As the new year rolls along, still chock full of anxiety and loneliness, a seafaring music genre that peaked in the 19th century has become an unlikely star on TikTok. The trend started when 26-year-old Scottish mailman Nathan Evans posted his version of the sea shanty “Wellerman,” a whaling song with origins in New Zealand. That triggered a full-blown frenzy, with hundreds uploading their own riffs.
Sea shanties are maritime songs sung to accompany various ship deck tasks like sail hoisting. They combine the rhythms of African work songs with lyrics that are Anglo-Irish, often in 4/4 time with simple melodies that make them a good fit for mass consumption.
Some say the popularity of the sea shanty, meant to be sung together in support of a common goal, speaks to the desire for connection during these dark times. On the other hand, Vox contributor Rebecca Jennings sees it as the next in a series of random crazes driven by the social media hivemind: “The quarantine-era internet just makes us cycle through obscure niches of culture faster and faster,” said Jennings.
So what is it about these sea shanties? I spoke to local expert Mark Lambert of Providence’s Sharks Come Cruisin’, who specialize in sea shanties, about his experience with the unique genre.
Lambert grew up playing in punk and hardcore bands in Providence. His band, Return Around, fizzled out at the end of a long tour at which point he took an extended break from music. He wanted to start playing again in the early 2000s, but wasn’t sure what shape it would take. “A lot of my peers from the rock scene were gravitating to country or blues, which didn’t really seem all that authentic to me.”
One day, Lambert was watching the movie Jaws, which features a few shanties, and was immediately taken. “I heard Quint’s version of ‘Spanish Ladies’ — I knew there was something very New England about the sound, and it felt very close to home for me,” he said. After borrowing some sea shanty LPs from the library he dug in further, working out the songs and playing local open mics. SCC started to take shape once he got a bassist and drummer involved.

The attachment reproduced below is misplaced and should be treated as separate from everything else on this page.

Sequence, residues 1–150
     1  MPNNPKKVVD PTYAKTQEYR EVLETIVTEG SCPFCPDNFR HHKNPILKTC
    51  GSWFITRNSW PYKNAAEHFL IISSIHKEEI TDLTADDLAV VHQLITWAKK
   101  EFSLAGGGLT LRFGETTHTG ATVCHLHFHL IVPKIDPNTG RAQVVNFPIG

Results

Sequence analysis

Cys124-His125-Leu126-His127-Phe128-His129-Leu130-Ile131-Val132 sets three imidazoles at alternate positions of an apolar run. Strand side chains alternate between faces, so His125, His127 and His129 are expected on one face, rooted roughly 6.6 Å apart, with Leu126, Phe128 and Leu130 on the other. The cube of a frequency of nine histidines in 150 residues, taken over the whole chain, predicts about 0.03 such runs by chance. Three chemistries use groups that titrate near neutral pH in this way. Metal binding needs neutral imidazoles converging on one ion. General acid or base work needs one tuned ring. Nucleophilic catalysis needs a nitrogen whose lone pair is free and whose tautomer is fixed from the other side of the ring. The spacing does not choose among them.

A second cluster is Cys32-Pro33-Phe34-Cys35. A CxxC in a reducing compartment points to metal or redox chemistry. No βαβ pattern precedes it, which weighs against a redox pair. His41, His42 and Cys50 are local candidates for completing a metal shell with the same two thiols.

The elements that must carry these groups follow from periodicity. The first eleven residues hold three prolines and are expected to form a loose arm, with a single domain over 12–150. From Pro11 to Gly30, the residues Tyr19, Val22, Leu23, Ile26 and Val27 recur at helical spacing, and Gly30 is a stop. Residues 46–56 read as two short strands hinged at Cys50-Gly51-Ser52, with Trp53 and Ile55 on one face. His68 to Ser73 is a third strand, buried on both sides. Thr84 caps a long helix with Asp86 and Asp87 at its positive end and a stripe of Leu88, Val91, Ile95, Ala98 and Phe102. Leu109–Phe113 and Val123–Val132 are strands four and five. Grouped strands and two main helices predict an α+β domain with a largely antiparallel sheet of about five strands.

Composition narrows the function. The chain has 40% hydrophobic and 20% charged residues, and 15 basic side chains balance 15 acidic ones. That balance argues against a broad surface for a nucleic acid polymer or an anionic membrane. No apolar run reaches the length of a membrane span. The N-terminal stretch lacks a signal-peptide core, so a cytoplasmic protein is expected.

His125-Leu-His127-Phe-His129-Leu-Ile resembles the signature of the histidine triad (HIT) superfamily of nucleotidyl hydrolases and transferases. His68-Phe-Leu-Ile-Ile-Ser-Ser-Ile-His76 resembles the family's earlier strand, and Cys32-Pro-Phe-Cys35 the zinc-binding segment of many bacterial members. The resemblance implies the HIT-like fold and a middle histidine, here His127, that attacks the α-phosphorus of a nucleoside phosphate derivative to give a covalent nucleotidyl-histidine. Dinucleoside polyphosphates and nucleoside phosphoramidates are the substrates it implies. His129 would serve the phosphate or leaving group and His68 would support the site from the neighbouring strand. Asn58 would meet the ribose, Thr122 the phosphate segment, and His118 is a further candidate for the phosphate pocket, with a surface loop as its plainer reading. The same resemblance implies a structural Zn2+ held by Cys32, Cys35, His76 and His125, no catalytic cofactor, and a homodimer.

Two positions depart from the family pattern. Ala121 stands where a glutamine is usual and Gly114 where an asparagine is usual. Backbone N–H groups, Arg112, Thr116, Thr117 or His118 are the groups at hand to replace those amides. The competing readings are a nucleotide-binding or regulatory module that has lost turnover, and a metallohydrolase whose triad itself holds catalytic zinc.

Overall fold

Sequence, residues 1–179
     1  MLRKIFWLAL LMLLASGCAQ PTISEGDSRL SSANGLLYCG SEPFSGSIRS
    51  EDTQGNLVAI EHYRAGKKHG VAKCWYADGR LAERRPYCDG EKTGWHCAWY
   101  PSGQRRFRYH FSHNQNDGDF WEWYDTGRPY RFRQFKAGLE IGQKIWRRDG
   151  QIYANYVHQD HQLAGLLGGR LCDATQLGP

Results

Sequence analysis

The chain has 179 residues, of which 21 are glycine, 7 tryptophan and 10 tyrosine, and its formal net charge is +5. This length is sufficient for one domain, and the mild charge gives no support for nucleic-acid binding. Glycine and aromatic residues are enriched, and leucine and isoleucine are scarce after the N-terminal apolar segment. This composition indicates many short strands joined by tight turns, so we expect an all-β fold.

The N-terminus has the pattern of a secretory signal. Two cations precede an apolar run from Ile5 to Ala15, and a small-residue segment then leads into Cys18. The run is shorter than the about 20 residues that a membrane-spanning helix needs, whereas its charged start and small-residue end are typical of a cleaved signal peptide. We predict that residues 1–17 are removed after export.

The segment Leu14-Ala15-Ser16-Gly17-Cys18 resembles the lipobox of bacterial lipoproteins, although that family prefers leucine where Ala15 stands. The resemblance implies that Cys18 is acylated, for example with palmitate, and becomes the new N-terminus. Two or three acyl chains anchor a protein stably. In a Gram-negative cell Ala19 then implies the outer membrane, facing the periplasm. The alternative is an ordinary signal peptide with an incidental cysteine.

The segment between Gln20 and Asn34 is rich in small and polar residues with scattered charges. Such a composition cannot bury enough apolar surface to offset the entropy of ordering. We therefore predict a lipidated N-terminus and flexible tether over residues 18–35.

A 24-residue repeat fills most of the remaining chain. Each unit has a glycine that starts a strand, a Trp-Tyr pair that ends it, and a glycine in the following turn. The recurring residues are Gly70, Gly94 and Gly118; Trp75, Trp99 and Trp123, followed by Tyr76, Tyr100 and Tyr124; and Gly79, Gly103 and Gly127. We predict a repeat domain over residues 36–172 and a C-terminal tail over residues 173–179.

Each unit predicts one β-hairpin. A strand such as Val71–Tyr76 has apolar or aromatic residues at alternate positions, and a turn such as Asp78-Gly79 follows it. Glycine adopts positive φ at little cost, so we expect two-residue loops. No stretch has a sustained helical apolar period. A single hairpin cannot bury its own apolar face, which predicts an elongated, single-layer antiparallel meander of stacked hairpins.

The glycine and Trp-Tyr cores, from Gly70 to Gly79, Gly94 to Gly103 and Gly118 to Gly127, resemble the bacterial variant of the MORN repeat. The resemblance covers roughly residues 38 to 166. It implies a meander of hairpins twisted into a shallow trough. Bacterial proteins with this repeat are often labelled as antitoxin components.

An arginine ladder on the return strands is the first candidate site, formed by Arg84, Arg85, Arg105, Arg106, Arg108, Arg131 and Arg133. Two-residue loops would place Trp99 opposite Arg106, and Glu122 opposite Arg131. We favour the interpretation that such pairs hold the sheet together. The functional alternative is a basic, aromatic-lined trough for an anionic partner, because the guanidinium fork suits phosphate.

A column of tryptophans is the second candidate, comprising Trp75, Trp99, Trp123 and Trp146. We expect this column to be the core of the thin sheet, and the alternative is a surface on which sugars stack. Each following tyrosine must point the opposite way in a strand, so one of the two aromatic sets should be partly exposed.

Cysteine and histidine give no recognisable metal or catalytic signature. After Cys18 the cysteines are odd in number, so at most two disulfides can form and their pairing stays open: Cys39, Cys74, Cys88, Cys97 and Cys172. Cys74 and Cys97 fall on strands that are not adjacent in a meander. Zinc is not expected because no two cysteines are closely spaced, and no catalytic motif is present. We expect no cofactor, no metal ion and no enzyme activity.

On a musical level, the appeal for Lambert makes sense. Three chords, an everyman spirit and a supremely singable nature make shanties not unlike punk rock. “The melodies are all very familiar — even if you don’t know them, you kinda do,” said Lambert.
The call and response element, which helped shiphands stay in sync when performing heavy-duty chores, was another big draw for Lambert. “It reminded me of exactly where I grew up at hardcore shows — the singer was singing and the audience screaming back at them.”
SCC, to date, has two full-length albums, along with various EPs and live recordings mostly consisting of traditional shanties and the odd original mixed in. Lambert’s punk background really shines through in songs like “South Australia” and “Donkey Riding” off their album When I Got Home From Across the Sea, which are uptempo, semi-rocked out shanties. Instruments like banjo, fiddle and accordion round out the sound.
The band has also become known for the monthly Shanty Sing at the Parlour, the rare family-friendly evening gig. Lambert came up with the idea and pitched it to then part owner Aaron Jaehnig, and it ended up being a major success. SCC had been doing virtual shanty sings at home remotely until this month. “It is a little unfortunate that this popularity comes in the middle of a pandemic, when no one can actually come together and do the real thing,” said Lambert.
Lambert, who says he’s had many articles around the “Wellerman” craze sent to him by friends, isn’t so sure that the craze is related to the pandemic. “I think it’s more a matter of this guy in Scotland putting his own spin on the song (which I had actually never heard), with a great hook that happened to resonate with a wide audience. And now, it’s great to see others who are continuing to make it their own.”